In what one columnist has compared, perhaps erroneously, to the battle between Clinton and Obama, British poets Ruth Padel and Derek Walcott find themselves at the center of a scandal that includes allegations of racism, sexism, and sexual harrassment.
The situation: Padel and Walcott were both candidates for the prestigious position of Professor of Poetry at Oxford. Walcott, a 79-year-old poet born in St. Lucia, was the frontrunner, until members of the Oxford faculty received anonymous letters detailing past sexual harassment allegations against Walcott. Walcott stepped down, and Padel was chosen. Then The Sunday Times revealed that Padel had sent two journalists emails drawing their attention to the allegations. Now Padel has stepped down, saying, "I acted in complete good faith, and would have been happy to lose to Derek, but I can see that people might interpret my actions otherwise."
One of Padel's nominators, Professor of Philosophy A.C. Grayling, said,
It would have been really marvellous actually to have a women professor of poetry at Oxford, had it been a straightforward, clean fight. So it's deeply, deeply disappointing that things worked out this way and that this kind of scurrilous...campaign was run against Derek Walcott.
But it's also disappointing that any discussion of Walcott's history of sexual harassment — and he has admitted to propositioning one student — is now tainted by Padel's appearance of self-interest. Padel's involvement has sunk the issue into the realm of identity politics, leading Yasmin Alibhai-Brown of The Independent to compare the conflict between the two poets to "the fierce contest between race and gender represented by Barack Obama and Hillary Clinton." Like Clinton, Alibhai-Brown argues, Padel has come in for harsher criticism because of her sex:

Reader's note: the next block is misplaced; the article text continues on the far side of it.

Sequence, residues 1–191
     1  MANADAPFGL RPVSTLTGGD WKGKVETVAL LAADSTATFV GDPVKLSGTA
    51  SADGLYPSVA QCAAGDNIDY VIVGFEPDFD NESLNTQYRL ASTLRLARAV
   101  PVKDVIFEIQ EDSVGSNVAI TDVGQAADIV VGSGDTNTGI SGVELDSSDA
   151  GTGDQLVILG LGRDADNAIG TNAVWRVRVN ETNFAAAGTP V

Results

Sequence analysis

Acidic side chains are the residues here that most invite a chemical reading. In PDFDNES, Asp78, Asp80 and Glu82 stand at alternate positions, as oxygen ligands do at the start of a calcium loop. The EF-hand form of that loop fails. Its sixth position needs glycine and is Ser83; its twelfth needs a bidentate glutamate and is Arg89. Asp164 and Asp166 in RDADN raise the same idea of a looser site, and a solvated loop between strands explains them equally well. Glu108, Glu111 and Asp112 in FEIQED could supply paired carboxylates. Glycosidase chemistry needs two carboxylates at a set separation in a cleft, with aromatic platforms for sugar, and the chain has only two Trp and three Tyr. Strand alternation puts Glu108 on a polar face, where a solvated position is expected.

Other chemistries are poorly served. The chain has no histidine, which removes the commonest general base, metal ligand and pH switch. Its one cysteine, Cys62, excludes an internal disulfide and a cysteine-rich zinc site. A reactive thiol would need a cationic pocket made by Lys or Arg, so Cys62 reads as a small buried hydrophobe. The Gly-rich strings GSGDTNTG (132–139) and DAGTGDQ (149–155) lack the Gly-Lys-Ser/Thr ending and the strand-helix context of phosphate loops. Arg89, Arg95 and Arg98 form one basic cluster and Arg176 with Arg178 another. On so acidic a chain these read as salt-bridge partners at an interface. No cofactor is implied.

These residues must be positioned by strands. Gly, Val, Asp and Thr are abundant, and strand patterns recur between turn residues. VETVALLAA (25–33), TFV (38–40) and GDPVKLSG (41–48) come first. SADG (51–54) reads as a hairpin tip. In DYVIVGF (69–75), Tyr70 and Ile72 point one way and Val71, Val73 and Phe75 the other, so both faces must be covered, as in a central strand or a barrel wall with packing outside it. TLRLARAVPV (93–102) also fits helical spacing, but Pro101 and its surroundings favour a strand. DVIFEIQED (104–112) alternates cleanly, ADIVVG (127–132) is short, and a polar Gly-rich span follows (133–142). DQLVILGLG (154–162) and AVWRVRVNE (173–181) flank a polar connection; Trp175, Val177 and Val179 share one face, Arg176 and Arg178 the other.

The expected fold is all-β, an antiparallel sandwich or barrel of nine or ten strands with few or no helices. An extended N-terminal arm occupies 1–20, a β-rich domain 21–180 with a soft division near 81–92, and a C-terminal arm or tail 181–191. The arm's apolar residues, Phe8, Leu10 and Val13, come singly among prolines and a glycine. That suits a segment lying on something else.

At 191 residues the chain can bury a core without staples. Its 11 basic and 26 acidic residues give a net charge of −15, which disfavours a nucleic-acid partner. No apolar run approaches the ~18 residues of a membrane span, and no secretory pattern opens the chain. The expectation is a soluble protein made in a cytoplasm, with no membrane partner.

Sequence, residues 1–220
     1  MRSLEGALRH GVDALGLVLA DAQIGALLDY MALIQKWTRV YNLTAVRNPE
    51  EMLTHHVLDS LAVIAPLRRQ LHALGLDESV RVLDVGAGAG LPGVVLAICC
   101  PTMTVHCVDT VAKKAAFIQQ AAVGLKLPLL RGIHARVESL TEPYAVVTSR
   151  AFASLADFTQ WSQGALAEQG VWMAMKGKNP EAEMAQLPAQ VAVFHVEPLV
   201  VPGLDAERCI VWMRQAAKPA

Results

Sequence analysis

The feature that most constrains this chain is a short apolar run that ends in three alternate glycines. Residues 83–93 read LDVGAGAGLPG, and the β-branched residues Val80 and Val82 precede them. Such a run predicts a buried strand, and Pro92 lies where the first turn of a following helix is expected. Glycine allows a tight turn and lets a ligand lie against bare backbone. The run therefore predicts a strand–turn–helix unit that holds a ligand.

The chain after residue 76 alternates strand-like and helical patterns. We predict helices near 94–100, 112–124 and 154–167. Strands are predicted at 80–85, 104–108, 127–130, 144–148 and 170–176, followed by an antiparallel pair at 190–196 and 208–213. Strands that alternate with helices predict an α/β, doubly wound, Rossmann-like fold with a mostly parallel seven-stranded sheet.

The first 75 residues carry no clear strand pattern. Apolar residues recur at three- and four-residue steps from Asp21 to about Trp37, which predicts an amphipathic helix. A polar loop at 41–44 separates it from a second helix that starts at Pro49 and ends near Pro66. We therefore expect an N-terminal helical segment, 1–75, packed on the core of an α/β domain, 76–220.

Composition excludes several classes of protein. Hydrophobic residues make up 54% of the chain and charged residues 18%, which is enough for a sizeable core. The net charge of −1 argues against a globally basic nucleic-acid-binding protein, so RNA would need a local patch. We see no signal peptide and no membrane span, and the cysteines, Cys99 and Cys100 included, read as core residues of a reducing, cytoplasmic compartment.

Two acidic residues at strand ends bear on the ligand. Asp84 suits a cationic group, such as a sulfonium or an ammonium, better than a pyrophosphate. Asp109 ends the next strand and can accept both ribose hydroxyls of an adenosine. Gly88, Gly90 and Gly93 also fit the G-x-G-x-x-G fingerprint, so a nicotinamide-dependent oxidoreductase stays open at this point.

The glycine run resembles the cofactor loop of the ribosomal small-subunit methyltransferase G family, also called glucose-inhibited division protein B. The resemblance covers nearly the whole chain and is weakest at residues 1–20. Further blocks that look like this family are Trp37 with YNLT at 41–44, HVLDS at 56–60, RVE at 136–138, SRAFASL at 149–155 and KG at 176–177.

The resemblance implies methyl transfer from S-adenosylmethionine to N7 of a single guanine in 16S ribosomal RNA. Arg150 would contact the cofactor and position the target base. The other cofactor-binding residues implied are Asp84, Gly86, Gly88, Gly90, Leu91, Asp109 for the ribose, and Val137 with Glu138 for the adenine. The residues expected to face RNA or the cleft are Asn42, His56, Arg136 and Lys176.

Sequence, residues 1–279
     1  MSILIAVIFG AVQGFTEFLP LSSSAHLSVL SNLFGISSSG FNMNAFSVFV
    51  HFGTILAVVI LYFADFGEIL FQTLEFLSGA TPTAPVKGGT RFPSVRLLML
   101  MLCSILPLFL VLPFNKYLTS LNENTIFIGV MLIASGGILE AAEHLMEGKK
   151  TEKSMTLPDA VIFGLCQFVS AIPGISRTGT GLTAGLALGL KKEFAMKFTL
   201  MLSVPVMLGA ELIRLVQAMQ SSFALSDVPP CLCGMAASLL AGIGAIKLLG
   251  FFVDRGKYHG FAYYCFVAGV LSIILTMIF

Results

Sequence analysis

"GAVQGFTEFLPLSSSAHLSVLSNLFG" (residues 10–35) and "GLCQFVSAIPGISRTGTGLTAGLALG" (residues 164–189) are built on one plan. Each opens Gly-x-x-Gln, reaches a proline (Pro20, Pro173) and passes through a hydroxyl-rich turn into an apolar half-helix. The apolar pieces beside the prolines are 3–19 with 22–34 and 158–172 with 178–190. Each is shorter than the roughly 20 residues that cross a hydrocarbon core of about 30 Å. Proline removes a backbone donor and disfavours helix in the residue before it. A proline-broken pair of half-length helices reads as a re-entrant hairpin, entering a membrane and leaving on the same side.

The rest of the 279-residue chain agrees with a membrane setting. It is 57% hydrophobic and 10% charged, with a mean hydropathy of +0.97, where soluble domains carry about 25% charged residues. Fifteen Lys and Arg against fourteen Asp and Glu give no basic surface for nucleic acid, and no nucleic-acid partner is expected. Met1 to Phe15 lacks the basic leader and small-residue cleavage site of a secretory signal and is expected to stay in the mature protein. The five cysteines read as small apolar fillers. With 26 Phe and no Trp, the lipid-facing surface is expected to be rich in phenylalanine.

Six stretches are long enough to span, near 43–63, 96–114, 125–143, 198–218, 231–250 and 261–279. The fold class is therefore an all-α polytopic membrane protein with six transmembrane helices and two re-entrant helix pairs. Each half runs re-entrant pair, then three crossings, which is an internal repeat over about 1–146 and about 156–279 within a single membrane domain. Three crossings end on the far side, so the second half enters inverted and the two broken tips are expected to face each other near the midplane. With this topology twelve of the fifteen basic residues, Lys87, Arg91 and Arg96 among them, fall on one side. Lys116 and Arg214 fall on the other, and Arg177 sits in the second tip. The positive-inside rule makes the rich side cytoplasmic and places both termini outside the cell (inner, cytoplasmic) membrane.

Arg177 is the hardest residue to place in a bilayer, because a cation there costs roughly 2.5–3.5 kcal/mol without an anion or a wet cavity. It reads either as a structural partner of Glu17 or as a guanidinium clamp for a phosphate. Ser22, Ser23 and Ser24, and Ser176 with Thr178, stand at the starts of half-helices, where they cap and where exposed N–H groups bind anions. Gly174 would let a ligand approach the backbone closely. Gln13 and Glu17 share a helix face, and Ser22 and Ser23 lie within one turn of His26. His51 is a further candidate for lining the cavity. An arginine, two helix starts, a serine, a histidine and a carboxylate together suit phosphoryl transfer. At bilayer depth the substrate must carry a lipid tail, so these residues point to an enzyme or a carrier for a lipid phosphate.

the shockwaves set off by her emails suggests that ambitious women are not allowed to play hard. Men can and do use any weapons they have when battling against competitors, but not so the gentler sex. How many male professors across the land can honestly say they have always played fair to reach where they are?
And like Obama, "Walcott was judged by uniquely high standards and I do wonder if that was because of his race." But the fact that both Padel's emails and Walcott's harassment might have been excused if perpetrated by white men doesn't mean that either action is acceptable. Padel has made unbiased discussion of Walcott's misdeeds impossible by injecting her personal ambitions into the conflict. And these misdeeds themselves are hardly any less reprehensible because they are common. Alibhai-Brown writes,
When Walcott stood down, he must have felt he was being "punished" for something that is widespread in higher education, even today when universities have anti-harassment policies. When in Oxford in the early Seventies, we all knew who the letch tutors were, so too the obliging wenches who happily gave themselves to the lotharios. I walked into the office of my "moral tutor" to find him and a young woman certainly not engaged in matters of the mind. His large 18th-century desk was clearly good at multi-tasking.
If it's true that, as Alibhai-Brown says, this "tradition [...] is alive and well today," this is all the more reason why Oxford shouldn't be fostering it by honoring professors with records of harassment. Unfortunately, the debate over what Oxford should have done in this situation — and what it should do with future candidates who stand accused of similar infractions — is likely to fade amid arguments over Padel's motives.
Oxford Poet 'Sorry' Over Vote Row [BBC]
Oxford's First Female Professor of Poetry Resigns [New York Times]
Yasmin Alibhai-Brown: A Male Poet Wouldn't Have Been Blamed For Rough Tactics [The Independent]
[The Movement to Stop Derek Walcott's Election as Oxford Professor of Poetry] [The Suburban Ecstasies]
Walcott Set to Take Britain's Second-Highest Post in Poetry [The Suburban Ecstasies]
Derek Walcott - Possible Inaugural Poet [Suite101.com]